What are the differences between NHS and private GPs?
Updated: Nov 29, 2019
In the UK, NHS GPs have a contract with a Health Board (in Scotland) or a CCG (in England) in order to deliver what we call primary care services (that is General Practice) to a population of patients who register with them. They are paid to do this, and the pay is linked to a lot of different things like size of the population, deprivation in the area, age of patients and chronic disease. They are also paid for doing things like flu vaccination, child immunisations, smears, contraception, minor surgery.
Changes in the GP contract, plus some historical differences in the way practices were funded, means there are huge variations in what each practice earns.
On average the NHS pays GPs £152 per patient per year. That is just £13 per month to provide uncapped access to GP and Nurse appointments, as well as prescription services, house visits, tests and referrals. An A&E appointment costs £150 a time to the taxpayer, more than the amount that a GP practice receives per patient per year. If you look at the average number of consultations being around seven per year you can see that General Practice is great value for the Government! However, it is becoming unsustainable for lots of practices, who are facing rising business costs but no increase in funding.
Traditionally GP practices are run by a group of Partners, who are self-employed GPs. They run it the same way as any business and they have to use their income from the contract to pay all of their staff and pay the bills. Some product and building costs are reimbursed in their income from the Government. You will also find that Partners employ other GPs on a salary and also use ad hoc “locum” GPs to cover sickness, holidays and maternity.
On the other hand, Private GPs are self-employed GPs who choose when they work and what services they provide. They run a business and the services are paid for by the patient. Due to cuts in NHS funding, there are quite a lot of specialities in health care that are now run privately- Examples include Podiatry/Chiropody, Physio, Dentistry.
So what do each of them do?
NHS surgeries provide face to face and phone consultations, and also home visits. They also run repeat medication prescribing, referrals to specialists, and monitor people who have chronic diseases. Within a practice there will be a number of attached services, some provided by the practice itself (e.g practice nursing duties) and some provided by the Health board/CCG (Health visitors, District Nurses, Community Midwifery).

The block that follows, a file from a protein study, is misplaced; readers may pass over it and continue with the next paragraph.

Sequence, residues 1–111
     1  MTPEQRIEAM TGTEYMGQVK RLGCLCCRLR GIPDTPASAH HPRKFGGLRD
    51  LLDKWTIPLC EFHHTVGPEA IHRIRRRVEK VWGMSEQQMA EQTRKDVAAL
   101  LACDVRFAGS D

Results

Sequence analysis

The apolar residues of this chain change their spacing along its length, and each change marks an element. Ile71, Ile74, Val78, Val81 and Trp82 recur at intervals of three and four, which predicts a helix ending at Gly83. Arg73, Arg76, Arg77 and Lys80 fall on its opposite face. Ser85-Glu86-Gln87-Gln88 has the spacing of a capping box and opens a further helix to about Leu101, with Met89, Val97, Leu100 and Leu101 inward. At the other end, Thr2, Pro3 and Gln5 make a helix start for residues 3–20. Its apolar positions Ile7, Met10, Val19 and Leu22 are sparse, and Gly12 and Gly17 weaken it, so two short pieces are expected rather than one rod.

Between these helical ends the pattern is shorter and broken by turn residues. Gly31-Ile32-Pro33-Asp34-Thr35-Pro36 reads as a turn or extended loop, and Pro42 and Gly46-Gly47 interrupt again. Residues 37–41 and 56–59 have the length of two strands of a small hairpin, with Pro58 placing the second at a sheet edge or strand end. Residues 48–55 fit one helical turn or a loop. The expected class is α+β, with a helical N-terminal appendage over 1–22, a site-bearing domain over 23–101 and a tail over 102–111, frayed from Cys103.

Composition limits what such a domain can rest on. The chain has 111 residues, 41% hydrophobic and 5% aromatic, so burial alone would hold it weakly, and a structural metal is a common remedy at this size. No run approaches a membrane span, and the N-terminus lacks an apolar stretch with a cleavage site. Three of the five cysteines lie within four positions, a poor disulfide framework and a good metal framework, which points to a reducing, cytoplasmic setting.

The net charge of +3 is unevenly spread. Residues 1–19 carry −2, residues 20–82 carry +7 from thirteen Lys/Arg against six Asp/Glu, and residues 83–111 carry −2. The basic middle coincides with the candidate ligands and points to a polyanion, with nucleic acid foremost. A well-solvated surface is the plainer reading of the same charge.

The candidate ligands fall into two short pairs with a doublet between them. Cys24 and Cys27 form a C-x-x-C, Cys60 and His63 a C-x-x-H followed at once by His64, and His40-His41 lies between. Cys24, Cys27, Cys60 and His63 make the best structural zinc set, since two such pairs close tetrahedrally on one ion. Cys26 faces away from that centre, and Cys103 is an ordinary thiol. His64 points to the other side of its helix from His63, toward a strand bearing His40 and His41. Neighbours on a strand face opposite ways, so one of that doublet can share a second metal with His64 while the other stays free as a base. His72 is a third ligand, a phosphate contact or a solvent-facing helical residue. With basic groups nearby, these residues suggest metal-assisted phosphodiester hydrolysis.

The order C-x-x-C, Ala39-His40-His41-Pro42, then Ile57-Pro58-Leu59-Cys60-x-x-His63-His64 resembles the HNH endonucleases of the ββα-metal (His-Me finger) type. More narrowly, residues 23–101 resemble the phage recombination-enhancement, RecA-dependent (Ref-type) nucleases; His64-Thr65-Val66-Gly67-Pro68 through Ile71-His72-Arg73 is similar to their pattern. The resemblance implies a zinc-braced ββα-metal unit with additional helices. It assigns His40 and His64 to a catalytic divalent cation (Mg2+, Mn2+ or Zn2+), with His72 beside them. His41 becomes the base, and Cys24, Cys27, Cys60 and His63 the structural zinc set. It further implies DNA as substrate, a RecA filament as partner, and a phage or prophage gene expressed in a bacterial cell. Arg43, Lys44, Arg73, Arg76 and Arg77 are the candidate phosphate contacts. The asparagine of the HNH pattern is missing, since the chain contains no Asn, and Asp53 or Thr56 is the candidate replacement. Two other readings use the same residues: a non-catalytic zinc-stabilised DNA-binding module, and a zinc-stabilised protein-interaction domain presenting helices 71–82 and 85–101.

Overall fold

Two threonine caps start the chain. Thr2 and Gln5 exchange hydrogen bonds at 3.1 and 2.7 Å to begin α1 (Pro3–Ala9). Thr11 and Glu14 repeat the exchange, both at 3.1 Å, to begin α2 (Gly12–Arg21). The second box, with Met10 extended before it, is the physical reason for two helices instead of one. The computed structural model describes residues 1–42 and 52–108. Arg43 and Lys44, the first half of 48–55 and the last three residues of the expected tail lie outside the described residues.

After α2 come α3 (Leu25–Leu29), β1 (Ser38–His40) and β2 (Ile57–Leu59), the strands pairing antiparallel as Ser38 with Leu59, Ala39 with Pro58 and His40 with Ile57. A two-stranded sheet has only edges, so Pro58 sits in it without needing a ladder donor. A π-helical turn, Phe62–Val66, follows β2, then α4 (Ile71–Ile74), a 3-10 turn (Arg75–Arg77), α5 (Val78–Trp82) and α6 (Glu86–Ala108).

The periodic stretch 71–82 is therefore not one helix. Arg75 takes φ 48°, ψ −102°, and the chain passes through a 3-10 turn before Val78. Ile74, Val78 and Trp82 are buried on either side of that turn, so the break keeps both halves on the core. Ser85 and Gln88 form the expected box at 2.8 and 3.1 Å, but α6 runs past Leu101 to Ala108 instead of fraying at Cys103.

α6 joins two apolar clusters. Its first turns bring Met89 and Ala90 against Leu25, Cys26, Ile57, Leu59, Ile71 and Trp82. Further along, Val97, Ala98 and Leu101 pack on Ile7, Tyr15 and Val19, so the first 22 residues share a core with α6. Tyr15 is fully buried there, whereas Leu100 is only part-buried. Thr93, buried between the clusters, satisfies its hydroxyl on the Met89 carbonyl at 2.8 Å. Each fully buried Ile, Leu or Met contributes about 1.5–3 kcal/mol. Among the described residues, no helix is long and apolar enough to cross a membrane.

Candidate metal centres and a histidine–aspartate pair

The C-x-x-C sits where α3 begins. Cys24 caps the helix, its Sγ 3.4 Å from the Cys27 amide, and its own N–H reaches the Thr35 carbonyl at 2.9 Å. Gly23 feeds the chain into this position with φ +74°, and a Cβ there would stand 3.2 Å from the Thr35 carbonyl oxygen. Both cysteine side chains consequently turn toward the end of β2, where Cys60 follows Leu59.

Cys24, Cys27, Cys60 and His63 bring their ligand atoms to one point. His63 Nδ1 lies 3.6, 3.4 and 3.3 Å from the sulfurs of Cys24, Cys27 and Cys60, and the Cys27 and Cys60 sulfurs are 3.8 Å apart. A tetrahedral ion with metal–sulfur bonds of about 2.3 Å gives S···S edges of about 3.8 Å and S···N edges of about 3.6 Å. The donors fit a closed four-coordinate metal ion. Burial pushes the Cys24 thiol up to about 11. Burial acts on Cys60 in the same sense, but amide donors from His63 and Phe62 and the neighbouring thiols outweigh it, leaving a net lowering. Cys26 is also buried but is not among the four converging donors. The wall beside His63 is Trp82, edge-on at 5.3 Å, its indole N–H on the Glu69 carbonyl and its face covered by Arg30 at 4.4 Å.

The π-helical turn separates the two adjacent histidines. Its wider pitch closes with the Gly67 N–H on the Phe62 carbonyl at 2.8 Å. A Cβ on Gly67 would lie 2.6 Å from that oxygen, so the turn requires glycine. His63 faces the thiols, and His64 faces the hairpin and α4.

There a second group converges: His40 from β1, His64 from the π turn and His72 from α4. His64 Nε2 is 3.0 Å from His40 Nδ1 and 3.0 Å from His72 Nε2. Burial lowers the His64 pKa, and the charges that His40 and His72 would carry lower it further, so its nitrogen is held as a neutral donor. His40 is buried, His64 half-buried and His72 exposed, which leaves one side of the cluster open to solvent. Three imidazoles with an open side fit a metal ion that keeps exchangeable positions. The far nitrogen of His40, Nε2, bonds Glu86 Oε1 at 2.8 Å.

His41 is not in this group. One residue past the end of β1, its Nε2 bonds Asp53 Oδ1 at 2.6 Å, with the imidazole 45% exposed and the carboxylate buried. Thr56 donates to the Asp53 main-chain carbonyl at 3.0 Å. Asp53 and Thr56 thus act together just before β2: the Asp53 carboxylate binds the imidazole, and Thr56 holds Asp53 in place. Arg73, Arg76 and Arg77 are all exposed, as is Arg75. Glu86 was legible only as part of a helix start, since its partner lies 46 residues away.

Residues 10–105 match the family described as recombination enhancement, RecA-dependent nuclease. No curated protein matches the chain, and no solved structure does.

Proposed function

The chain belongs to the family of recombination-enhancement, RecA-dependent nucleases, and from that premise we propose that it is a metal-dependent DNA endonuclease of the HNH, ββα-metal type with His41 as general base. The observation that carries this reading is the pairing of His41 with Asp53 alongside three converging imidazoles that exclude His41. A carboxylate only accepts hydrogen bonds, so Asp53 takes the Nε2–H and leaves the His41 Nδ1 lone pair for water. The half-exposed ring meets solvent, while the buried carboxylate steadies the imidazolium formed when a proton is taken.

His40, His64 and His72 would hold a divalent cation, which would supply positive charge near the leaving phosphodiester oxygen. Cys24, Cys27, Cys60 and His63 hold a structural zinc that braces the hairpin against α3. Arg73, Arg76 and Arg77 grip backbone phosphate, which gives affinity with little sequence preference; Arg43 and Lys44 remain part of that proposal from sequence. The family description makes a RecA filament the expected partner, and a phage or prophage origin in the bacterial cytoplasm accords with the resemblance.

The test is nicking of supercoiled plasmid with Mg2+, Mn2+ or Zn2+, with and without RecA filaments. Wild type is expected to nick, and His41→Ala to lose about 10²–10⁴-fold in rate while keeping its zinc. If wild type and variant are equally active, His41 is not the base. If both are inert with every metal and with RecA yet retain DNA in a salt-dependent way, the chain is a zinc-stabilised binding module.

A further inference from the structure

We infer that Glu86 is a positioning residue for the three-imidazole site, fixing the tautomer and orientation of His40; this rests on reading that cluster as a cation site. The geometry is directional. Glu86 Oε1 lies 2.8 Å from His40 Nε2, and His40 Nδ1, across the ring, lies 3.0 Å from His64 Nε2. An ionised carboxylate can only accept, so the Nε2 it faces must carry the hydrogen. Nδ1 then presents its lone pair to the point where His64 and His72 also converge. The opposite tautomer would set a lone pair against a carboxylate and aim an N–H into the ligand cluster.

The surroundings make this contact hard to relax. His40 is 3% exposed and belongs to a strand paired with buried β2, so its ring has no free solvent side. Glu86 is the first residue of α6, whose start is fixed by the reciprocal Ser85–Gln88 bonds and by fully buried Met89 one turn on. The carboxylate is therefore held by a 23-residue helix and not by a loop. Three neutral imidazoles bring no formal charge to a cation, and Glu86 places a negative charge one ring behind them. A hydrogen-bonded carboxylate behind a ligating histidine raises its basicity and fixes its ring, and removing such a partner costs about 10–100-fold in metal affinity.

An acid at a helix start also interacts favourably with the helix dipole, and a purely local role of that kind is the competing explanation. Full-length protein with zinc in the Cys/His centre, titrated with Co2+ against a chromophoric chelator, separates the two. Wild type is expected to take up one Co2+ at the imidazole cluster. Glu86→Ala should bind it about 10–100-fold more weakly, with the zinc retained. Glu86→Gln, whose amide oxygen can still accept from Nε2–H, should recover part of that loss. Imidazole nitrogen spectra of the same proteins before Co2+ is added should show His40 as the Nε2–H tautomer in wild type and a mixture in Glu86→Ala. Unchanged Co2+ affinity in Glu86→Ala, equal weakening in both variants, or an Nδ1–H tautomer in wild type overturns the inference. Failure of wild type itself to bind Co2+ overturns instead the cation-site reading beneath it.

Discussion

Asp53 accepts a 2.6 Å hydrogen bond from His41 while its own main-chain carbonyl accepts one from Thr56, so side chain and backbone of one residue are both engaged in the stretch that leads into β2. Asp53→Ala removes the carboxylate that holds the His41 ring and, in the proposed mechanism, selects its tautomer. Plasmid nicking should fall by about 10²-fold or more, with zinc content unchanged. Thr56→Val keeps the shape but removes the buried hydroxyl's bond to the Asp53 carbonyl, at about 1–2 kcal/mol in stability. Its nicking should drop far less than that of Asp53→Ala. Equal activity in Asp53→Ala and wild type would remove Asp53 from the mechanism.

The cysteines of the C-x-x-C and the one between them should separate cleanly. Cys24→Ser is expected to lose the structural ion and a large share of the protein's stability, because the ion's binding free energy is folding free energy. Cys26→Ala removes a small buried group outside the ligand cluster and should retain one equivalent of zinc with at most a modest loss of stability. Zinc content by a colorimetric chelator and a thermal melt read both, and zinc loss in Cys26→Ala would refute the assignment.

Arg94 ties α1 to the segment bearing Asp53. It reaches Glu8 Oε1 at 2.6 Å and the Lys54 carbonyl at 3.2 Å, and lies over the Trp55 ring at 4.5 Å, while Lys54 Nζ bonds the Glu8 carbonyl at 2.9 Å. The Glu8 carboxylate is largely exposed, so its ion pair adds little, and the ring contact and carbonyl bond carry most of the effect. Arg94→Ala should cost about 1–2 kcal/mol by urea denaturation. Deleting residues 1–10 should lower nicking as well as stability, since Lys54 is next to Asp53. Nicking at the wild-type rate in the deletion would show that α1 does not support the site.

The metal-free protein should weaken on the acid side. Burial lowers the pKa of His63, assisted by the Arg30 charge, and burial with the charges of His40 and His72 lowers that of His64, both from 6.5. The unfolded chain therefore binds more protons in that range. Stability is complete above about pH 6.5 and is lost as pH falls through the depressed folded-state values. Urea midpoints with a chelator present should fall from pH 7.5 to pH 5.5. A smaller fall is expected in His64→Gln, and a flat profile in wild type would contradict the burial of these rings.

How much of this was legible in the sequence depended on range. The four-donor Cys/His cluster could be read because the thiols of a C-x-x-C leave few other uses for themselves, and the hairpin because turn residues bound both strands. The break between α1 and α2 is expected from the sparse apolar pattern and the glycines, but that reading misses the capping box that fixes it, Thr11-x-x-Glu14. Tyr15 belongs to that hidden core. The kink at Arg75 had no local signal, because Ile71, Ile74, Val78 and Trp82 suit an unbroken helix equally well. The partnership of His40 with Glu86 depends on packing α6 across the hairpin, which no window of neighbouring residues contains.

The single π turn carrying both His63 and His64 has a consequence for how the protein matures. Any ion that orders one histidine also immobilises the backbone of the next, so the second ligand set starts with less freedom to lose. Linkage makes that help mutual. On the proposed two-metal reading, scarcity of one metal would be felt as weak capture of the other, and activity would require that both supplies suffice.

Patients register with a local surgery of their choice, as long as they have capacity to take on new patients. Those patients can then book appointments to see the GP or Nurse free of charge. There is no cap on the number of contacts you can have with your NHS GP
The service that a private GP offers may vary from clinic to clinic and the patient pays for the GPs time. They can provide everything that an NHS practice provides but there may be certain services that a private GP chooses not to do, for example: house visits, pregnancy care, end of life care or drug misuse problems. Some may provide minor surgery, ear syringing and joint injections, but some may not. There may also be variation in whether they have additional staff, like nurses, in the clinic. So you may find they do the nursing duties themselves, like taking blood or doing swabs.
Private GP services have been growing over the last 15 years, with a number of providers in the market. Some provide exclusively video consultations, some provide face to face consultations in a local clinic and some only provide to the corporate sector.
Private GP appointments tend to be longer, or at the very least the length can be dictated by the patient as they are paying for the time they “use”.
Regarding Prescriptions – if you receive a prescription on the NHS in Scotland you will not have to pay for it. In England, you do have to pay a standard prescription fee of £8.80 per item. However, if you are on regular medications for chronic illness you can apply to have this fee reduced. If you go to a private GP and they give you a prescription, they may or may not charge you an administration fee for it. Then you will be charged the cost of the drug at the Pharmacy, and the Pharmacy may or may not add an administration fee to this also.
How do they refer you to see a specialist? I have done a more detailed article on this but to summarise; both NHS and private GPs can refer you to see NHS and private Specialist Consultants.
I have summarised all of the main similarities and differences between NHS and private practices. You will find variation between all of your local NHS practices, and also your private clinics. If you need a detailed summary of their services please refer to their website.